Morsi's speech: Thuggery, gas stations and amendments
Egyptian President Mohamed Morsi announced seven decisions on Wednesday, while barely mentioning next week's mass rallies to demand his ouster.
During a lengthy speech televised live from the Cairo International Conference Centre, Morsi commissioned the interior minister to form a unit tasked with combating "thuggery" and terrorism, including the blocking of roads.
He also ordered the formation of a committee to examine proposed constitutional amendments tabled by the opposition, inviting all political parties to submit their proposals from Thursday.
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Furthermore, Morsi ordered the formation of a "national reconciliation committee," consisting of representatives of political parties, Egypt's Al-Azhar, the Coptic Orthodox Church, so-called revolutionary forces and NGOs. The committee, he said, shall be charged with promoting "national dialogue" aimed at bridging gaps between the country's various political factions.
Morsi also authorised Egyptian government ministers and regional governors to sack any officials found to have contributed to recent crises or shortages.
In answer to Egypt's acute petrol shortage, which has seen ever longer queues outside the nation's petrol stations, the president also announced a decision to withdraw the licenses of any gas station found to be hoarding fuel.
In a similar vein, Morsi also commissioned the supply ministry to ensure that gas stations were functioning "in the public interest."
Finally, Morsi ordered government ministers and provincial governors to appoint young advisors (below 40 years old) to their respective teams, stressing that Egyptian youth must assume a greater role in the country's affairs.
"The youth were never given a chance to play a role in the country, and for that I am sorry," he said. "I will make sure they do soon."
Also in the speech, delivered to mark his first year in power, Morsi admitted to "making many mistakes."
But he repeated the usual line of the Muslim Brotherhood, the group from which he hails, that the media was tarnishing the image of the presidency and government and inciting violence.
He accused former regime figures, such as Mubarak oligarchs Safwat El-Sherif and Zakaria Azmi, of working to destabilise Egypt.
"Soon Safwat El-Sherif and Zakaria Azmi will be considered 'revolutionaries' as well. Why not? Everyone has been acquitted," he said, noting that Egypt's court system had exonerated most former regime figures implicated in cases of corruption.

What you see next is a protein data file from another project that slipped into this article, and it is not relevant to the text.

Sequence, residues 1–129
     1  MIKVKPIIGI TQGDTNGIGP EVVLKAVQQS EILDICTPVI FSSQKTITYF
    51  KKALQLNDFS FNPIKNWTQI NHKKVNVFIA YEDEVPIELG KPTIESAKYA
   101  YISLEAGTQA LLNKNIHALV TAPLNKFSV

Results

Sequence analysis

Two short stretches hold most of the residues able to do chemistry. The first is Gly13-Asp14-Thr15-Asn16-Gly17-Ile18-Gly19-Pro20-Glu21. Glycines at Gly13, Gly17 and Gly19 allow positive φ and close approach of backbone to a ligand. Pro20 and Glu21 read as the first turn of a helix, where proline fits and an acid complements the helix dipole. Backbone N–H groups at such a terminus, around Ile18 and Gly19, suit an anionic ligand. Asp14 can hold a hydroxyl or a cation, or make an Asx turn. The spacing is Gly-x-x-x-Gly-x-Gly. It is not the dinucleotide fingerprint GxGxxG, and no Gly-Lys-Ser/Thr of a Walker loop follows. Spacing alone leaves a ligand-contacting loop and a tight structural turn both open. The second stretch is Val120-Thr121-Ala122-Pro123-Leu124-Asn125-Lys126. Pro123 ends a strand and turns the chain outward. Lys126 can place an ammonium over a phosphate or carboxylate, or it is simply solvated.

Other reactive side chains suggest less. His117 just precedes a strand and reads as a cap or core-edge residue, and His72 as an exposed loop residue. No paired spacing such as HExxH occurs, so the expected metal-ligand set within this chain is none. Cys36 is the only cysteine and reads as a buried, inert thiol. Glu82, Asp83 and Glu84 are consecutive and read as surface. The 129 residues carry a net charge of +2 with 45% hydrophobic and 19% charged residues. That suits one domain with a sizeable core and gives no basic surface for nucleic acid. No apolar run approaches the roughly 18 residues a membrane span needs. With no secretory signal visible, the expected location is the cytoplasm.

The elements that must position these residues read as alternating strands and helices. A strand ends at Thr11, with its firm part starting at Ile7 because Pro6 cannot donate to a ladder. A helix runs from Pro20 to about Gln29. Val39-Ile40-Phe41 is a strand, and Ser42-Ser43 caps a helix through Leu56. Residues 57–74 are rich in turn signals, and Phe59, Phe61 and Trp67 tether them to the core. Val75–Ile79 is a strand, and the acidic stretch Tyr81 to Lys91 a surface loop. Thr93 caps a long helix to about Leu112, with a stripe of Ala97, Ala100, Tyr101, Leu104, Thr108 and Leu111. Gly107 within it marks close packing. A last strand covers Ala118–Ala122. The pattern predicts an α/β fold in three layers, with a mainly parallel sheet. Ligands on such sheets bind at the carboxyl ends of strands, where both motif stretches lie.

He also took a swipe at Ahmed Shafiq, the Mubarak-era's last prime minister and Morsi's nemesis in last year's presidential polls.
"Ahmed Shafiq – is he a 'revolutionary'? He's wanted [by the authorities]," the president said, in reference to the host of corruption charges that Shafiq – currently based in the UAE – faces in Egypt.
"He's based abroad yet continues to call for toppling the [Egyptian] government," Morsi said of Sahfiq. "Is that not a crime?"
In terms of his achievements after one year in office, Morsi highlighted his administration's efforts to serve the poor.
"We have increased the monthly minimum wage to LE700 and it will hopefully reach LE1500 in the future… Public-sector salaries have also increased in the state budget from LE96 billion to LE172 billion."
"Also, 52,500 small-scale farmers have been forgiven their outstanding loans," he added, his words often met with applause.
Morsi played down speculation that the military might support opposition demands for his ouster, stressing that he was the commander-in-chief of Egypt's armed forces.
"The armed forces are deployed in several areas to safeguard the public and defend the nation if need be," he said.
Meanwhile, the few thousand protesters arrayed in Cairo's Tahrir Square voiced contempt for Morsi's address, which comes only days before planned mass protests on Sunday to demand he step down.
Friday is expected to see massive counter-rallies by the president's mostly-Islamist supporters, fuelling fears of potential violence.